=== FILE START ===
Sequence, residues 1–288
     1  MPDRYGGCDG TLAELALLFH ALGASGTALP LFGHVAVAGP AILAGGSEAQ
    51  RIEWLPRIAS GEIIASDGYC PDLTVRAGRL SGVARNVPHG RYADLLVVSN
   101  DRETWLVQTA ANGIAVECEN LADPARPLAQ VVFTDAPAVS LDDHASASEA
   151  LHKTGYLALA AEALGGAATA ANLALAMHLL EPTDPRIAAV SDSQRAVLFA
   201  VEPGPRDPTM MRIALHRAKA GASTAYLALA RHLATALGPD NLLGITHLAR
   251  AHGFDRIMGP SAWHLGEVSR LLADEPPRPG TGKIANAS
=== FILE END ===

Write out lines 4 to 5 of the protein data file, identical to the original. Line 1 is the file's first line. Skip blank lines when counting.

   101  DRETWLVQTA ANGIAVECEN LADPARPLAQ VVFTDAPAVS LDDHASASEA
   151  LHKTGYLALA AEALGGAATA ANLALAMHLL EPTDPRIAAV SDSQRAVLFA